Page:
So, what was the question? I asked folks why they're not visiting wine country this weekend. Yeah, folks in Atlanta. They squabbled and squawked; made excuses and reminded me that we're "in the southeast. No wine around here, unless you like blackberry moonshine and don't mind 'squealing like a pig'" to get your trotters, er, hands on it. Ah, Deliverance. Thanks for honoring and portraying my beloved state in the same way The Sopranos represented New Jersey (or From Dusk 'Til Dawn painted Mexico, for that matter).
But I digress. What these fine folks didn't realize is that wine country- real wine country- is right in their backyards! As I've written several times in the past, Georgia is making some pretty serious wine. The Dahlonega Plateau offers cooling elevation (1800' above sea level), the slopes and clay soils provide good drainage and rain barrier, and the dedicated vineyard managers and winemakers give every ounce of themselves to turn a difficult climate on its head- providing wines that I'm generally proud to drink outside of a paper bag. And we're not talking muscadine, scuppernong, and any other vitis rotundifolia grapes that make better names for Hollywood infants than they do wine. They're making real wine; vitis vinifera (basically, Latin for "wine grapes"), aka Cabernet Sauvignon, Merlot, Syrah, Sangiovese, Chardonnay, Viognier, Cabernet Franc, Tannat, Touriga Nacional, and some interesting hybrids like Vidal/Seyval Blanc. Yet, while many of these wines express some interesting flavors (some would perhaps say "grassiness") that you may not find in the true varietal character of "traditional" wine regions, I say what makes them atypical is what makes them unique. Ask a Frenchman, and he'd insist that's what the hallowed "expression of terroir" is all about. Then, he might celebrate your astuteness with some goose fat and cigarettes.
So go try something unique. Go try something local. It's good for your state's economy. It helps some hardworking folks- simply (or insanely) following their passion- succeed. And, doggone it, a lot of times, the wine just tastes good. That's been my experience with many Georgia wines. They've come a long way.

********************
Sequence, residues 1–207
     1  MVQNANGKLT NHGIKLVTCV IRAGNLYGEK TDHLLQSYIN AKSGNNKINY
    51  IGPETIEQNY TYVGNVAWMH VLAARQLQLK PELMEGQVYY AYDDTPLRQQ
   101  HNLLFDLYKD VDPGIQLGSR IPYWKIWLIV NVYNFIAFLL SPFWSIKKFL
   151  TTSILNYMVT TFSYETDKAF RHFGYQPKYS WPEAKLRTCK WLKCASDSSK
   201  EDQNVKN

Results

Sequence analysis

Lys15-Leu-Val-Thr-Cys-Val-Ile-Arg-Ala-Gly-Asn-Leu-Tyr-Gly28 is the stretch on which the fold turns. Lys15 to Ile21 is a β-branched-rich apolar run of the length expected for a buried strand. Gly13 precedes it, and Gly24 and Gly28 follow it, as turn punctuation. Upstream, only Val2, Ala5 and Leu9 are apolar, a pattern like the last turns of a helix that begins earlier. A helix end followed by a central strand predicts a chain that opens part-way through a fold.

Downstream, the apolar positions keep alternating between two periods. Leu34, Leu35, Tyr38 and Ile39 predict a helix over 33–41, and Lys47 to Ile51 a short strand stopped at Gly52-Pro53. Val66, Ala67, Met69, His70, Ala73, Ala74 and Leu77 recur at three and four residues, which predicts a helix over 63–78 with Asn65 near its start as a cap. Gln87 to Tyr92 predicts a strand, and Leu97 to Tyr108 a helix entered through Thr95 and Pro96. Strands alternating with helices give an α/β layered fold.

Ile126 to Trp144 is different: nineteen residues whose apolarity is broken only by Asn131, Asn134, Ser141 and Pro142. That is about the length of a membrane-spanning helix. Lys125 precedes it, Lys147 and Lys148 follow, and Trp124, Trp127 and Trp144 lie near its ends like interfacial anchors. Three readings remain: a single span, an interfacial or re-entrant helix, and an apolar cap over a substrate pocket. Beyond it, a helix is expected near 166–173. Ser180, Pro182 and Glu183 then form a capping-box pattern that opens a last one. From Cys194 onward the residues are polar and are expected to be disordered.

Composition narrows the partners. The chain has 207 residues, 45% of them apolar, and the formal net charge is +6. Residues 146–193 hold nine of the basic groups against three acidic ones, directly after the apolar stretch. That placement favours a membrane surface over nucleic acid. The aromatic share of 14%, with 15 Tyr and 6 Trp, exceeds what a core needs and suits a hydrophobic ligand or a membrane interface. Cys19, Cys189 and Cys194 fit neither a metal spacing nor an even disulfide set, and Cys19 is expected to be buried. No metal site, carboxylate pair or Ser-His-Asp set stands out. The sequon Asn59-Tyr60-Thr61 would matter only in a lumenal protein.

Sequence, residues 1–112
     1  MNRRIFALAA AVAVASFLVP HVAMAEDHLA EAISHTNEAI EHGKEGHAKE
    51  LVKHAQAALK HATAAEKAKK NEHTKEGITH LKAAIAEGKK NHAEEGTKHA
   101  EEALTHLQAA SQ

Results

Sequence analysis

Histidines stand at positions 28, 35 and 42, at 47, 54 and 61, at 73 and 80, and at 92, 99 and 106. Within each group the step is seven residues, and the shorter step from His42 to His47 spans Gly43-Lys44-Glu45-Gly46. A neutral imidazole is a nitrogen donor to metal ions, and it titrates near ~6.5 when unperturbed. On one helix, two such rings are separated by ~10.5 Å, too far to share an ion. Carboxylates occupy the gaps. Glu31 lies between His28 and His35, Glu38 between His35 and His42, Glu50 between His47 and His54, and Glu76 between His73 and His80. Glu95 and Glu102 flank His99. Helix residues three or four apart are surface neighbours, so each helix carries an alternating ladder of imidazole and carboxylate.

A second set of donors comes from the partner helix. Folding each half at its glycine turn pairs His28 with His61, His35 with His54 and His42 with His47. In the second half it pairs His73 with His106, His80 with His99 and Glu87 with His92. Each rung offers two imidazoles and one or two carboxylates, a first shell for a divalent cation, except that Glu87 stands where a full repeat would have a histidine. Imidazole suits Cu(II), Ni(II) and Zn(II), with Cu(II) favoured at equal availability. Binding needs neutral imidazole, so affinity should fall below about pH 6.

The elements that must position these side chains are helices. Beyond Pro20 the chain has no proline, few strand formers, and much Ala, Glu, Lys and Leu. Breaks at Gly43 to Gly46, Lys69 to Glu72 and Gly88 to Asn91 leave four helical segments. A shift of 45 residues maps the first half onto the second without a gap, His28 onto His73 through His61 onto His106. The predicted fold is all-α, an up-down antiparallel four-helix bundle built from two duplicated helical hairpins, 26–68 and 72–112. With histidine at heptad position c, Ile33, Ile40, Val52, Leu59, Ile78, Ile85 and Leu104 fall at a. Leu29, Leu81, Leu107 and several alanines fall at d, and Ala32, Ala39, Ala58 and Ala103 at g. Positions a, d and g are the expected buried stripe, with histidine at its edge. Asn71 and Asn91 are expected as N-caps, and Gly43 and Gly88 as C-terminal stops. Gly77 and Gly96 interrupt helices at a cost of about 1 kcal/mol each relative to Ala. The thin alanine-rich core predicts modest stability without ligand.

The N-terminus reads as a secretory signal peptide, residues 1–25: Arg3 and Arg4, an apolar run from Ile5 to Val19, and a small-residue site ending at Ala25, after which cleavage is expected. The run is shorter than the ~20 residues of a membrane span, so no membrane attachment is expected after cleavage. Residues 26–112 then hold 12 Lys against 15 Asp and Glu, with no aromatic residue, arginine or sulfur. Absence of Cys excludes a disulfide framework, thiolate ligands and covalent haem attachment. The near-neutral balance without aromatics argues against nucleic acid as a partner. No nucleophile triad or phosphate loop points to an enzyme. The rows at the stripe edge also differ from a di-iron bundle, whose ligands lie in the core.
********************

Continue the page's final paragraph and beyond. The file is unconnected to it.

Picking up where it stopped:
I really appreciate what DrinkLocalWine.com has done, putting together this week to celebrate regional vino. In Georgia, here are a few wineries that you should check out. Go this weekend. When you taste these wines, you may just squeal...with delight:
Montaluce Winery and Estates
Three Sisters Vineyards
Blackstock Vineyards and Winery
Wolf Mountain Vineyards
Tiger Mountain Vineyards
...and many more HERE
To the locals: Cheers, Sláinte, L'Chaim, Salud, Prost, Skål, Konbe, and Kampai!
Tuesday, October 13, 2009
It must've weighed ten pounds. A heavy-duty plastic bag full of rich cream, potatoes, onions, and briny clams. Perched upon my lap while riding Atlanta's public subway system, I fit in like sasquatch at an "Alopecia Foundation" meeting.
Believe it or not, this has something to do with wine.
It all goes back to Taste of Atlanta- namely, the Robert Mondavi: Discover Wine pavilion. I was given the opportunity to pour for them as they toured food festivals around the U.S. Now, I'm not the biggest fan of Mondavi Private Selection wines, but the guy did put Napa Valley on the map, and it was at least an opportunity to taste, share my passion and knowledge of wine with others, and- well, make a few bucks. Hey, every man has a price.
Sure enough, I ended up pretty much just getting people drunk...few really cared about the grapes, the styles of wine, the regions, and the concept of terroir. I imagine to many people, the Mondavi: Discover Wine entrance might as well have just had a big marquee, screaming "FREE BOOZE". Am I looking down of these folks? Nah. Like a moth to flame, I'd probably do the same thing.
However, for the handful of people who showed true interest in the wines, it was an incredibly rewarding experience. When frequently writing about wine, drinking wine, and discussing wine with other enthusiasts (well, nerds), one can really lose sight of what the average person knows about the magical beverage. This essentially educational role really brought me back to earth, and challenged me to talk about wine in "normal human" terms, thus bringing the mystique of wine back to earth as well...just where it should be. Wine is about fun, right? And when someone really "got it" and seemed excited, it felt great. Another fallen under the spell of the vine, perhaps. Glad I may have had a part in it. (oh, and thanks to Broderick at Savory Exposure for capturing my balding head in the most tasteful way possible...he's really a hell of a photographer).
The chowder? Some chef from Legal Seafood traded it to me for four glasses of wine. No, he wasn't interested in viticulture and viniculture, but he did have a crapload of clam chowder (darn good clam chowder, at that). Let's face it: free food is pretty dang rewarding too...
...even if you have to walk around with it for a while.
Thursday, October 8, 2009